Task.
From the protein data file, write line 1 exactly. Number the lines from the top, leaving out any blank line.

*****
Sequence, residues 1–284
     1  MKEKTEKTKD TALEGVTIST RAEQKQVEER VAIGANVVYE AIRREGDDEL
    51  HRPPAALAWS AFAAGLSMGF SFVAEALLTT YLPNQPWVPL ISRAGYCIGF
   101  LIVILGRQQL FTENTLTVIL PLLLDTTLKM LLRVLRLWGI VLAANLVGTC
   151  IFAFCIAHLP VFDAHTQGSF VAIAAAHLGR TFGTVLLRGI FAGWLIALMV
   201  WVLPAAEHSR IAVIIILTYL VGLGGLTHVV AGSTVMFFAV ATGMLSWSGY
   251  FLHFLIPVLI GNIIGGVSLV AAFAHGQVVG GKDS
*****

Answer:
Sequence, residues 1–284